In this paper, the transient flow simulation in an annular isolator under rotating feedback pressure perturbations simplified from the rotating denotation wave (RDW) is performed. The instantaneous flow characteristics and the self-similarity of the isolator flow-field are investigated in detail. It is found
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In this paper, the transient flow simulation in an annular isolator under rotating feedback pressure perturbations simplified from the rotating denotation wave (RDW) is performed. The instantaneous flow characteristics and the self-similarity of the isolator flow-field are investigated in detail. It is found that a helical moving shock wave (MSW) and a quasi-toroidal terminal shock wave (TSW) are induced in the isolator. Hence, the flow-fields on the meridian planes could be classified into three zones, i.e., the undisturbed zone, the terminal shock wave/moving shock wave/boundary layer interaction (TSW/MSW/BLI) zone and the moving shock wave/boundary layer interaction (MSW/BLI) zone. The TSW/MSW/BLI zone is characterized by the coupling of the TSW/BLI and the MSW/BLI due to their small axial distance, which intensifies the adverse pressure gradient on the meridian planes, thus rolling up large separation bubbles developing along the MSW driven by the circular pressure gradient. In the MSW/BLI zone, the shock induces the boundary layer to separate, forming a helical vortex located at the foot of the MSW. During the upstream propagation process, the pattern of the MSWs transforms from a moving normal shock wave to a moving oblique shock wave with decreased strength. Moreover, after the collision with the MSWs, P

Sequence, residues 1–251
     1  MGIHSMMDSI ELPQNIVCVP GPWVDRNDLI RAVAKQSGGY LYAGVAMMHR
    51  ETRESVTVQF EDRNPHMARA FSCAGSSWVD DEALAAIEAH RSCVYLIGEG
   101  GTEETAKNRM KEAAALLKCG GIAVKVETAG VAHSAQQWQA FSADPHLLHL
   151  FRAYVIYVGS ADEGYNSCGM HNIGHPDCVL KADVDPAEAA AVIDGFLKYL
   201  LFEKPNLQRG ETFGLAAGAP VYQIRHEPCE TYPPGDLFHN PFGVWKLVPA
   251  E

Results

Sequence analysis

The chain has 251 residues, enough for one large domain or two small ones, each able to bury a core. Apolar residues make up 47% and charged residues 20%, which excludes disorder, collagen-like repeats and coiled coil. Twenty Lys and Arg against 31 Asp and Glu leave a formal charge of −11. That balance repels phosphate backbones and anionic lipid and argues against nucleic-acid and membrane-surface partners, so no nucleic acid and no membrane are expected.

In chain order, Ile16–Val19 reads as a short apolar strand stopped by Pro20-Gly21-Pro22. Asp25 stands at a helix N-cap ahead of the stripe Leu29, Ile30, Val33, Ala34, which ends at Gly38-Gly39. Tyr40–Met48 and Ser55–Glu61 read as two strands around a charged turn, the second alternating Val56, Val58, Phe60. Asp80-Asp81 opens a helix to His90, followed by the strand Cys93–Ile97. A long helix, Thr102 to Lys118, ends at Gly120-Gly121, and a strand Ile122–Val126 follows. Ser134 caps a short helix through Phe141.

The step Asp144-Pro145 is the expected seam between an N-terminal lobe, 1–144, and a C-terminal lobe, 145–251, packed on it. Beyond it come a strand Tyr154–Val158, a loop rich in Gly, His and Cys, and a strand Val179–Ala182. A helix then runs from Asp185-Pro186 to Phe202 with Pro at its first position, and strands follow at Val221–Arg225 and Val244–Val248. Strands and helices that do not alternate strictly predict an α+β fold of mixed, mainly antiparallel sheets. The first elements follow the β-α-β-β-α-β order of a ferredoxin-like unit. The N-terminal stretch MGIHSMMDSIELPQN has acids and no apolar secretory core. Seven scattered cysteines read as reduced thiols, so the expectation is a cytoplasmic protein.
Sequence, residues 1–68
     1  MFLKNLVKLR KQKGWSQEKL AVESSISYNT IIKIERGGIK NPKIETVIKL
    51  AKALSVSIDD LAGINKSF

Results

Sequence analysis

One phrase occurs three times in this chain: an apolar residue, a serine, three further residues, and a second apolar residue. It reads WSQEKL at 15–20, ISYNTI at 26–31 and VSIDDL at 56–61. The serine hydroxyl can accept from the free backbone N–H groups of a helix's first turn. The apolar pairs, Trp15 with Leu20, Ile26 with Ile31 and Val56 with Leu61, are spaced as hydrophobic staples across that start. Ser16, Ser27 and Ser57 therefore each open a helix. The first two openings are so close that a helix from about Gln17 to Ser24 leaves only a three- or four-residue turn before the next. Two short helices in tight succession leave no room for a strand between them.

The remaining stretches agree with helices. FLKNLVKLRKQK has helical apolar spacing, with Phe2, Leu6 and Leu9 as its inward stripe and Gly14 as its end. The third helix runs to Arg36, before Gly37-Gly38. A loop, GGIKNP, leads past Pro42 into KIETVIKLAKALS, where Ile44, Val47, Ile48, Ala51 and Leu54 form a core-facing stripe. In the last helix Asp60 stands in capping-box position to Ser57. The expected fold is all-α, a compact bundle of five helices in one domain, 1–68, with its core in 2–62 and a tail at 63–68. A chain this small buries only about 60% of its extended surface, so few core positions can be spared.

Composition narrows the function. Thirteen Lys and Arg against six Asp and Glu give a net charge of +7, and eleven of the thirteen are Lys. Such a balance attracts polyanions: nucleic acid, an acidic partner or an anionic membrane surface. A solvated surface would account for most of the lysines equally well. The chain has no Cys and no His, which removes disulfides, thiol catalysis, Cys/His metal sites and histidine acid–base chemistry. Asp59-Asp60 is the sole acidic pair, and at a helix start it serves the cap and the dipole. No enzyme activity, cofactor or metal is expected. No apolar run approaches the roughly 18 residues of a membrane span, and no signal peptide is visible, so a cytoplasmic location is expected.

of the flow elevate with the prompt decrease of va
, while vθ
increases to a higher level. Despite the deflection effect of the MSWs on the streamlines, the flow direction of the air still maintains an almost axial position at the exit, except in the adjacent region of the MSW. Likewise, three types of zones can be determined in the flow pattern at the exit: the rotating detonation wave/boundary layer interaction (RDW/BLI) zone, the expansion zone, and the vortices discharge zone. Comparing the transient flow patterns at different moments in one cycle and between adjacent cycles, an interesting discovery is that the self-similarity property is observed in the flow-field of the annular isolator under rotating feedback pressure perturbations. The global flow structure of the isolator at different moments shows good agreement despite its rotation with the RDW, and the surface pressure profiles of the corresponding meridian planes all match perfectly. Such a characteristic indicates that the rotation angular velocity of the TSW and the MSW are equal and hold invariant, and the isolator flow could be regarded as a quasi-steady flow. On this basis, the theoretical model of the inclination angles of the MSW by the coordinate transformation and velocity decomposition is developed and validated. The relative errors of the inclination angles between the predicted and measured results are below 3%, which offers a rapid method to predict the shape of the MSW, along with a perspective to better understand the physical meaning of the shape of the MSW.